DOI link for Beyond edibility
Beyond edibility book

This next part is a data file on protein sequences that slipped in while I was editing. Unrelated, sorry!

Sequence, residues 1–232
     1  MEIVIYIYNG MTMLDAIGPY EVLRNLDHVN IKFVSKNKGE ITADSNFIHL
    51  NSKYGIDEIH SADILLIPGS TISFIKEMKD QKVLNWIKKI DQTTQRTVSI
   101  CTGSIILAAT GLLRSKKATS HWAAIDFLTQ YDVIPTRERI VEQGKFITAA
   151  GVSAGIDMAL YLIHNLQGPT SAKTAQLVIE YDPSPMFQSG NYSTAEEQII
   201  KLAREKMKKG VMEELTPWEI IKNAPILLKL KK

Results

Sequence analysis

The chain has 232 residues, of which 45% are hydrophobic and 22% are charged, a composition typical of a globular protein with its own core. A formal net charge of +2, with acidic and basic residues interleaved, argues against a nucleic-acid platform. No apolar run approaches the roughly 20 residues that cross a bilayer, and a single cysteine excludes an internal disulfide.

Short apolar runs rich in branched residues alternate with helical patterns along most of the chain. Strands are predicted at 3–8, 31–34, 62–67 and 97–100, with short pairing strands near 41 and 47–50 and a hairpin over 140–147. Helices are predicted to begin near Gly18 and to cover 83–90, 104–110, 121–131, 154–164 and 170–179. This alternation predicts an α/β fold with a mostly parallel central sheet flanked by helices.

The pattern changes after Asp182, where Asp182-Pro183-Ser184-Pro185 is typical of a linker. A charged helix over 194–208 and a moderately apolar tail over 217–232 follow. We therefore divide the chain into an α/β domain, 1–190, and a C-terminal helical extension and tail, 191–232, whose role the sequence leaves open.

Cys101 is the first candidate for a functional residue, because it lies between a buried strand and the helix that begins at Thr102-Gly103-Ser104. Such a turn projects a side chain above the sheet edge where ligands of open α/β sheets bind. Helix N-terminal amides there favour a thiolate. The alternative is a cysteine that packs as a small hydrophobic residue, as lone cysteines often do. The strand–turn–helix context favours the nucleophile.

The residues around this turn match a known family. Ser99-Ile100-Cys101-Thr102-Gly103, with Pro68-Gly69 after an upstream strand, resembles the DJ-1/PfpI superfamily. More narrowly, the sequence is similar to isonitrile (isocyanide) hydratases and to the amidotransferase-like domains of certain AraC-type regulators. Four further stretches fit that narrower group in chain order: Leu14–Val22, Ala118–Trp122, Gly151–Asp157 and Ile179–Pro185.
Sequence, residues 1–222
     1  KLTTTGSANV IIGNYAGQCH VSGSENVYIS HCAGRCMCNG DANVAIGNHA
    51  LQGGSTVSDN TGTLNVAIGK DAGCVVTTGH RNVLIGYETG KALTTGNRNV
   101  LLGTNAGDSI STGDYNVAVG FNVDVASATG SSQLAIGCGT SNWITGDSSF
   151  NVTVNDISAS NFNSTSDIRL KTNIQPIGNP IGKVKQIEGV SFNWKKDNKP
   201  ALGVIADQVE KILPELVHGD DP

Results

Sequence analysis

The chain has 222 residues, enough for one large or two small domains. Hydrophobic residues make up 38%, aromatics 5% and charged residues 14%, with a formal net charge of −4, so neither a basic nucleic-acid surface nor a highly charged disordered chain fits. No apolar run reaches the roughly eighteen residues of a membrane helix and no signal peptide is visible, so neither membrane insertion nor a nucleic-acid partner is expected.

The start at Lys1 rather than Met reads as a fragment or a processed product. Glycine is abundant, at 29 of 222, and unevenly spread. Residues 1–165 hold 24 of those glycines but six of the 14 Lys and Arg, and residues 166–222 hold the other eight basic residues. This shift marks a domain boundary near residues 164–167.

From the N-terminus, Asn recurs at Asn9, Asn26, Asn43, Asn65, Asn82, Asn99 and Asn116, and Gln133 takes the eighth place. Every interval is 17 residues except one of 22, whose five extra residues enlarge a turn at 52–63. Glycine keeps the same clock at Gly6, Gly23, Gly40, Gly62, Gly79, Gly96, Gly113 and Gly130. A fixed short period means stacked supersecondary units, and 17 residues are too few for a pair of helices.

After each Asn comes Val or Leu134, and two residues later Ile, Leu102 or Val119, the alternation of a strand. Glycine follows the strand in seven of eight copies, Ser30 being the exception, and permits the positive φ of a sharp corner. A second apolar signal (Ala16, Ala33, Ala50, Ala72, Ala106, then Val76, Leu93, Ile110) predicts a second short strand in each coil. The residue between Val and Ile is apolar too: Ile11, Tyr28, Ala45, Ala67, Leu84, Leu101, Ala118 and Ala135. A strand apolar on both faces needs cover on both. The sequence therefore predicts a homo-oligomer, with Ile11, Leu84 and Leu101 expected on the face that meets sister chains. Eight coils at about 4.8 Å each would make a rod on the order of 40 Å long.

This chapter interrogates Val Plumwood’s claims that ontological veganism is imperialist towards Indigenous peoples and alienates us from the natural world. We resist such claims by showing that ontology is inherently political, and in settler contexts our dominant food ontologies are often the outcome of colonial power that shape beliefs and practices towards territory, animals, and, ultimately, food. Despite ontology being historically contingent and contextual, we argue that it is still ethically and politically useful to ontologize food. This is because the sedimentation of our political ontologies into identities facilitates ethical and political practices. Building on Plumwood’s writings, we propose a food ontology in which animals do not exist as always already food, but as equal subjects with their own interests who happen (like humans) to be edible. Such an approach, we argue, far from being imperialist, lends itself to a nonspeciesist ontology of food that disrupts colonial power and undermines the settler colonial logics.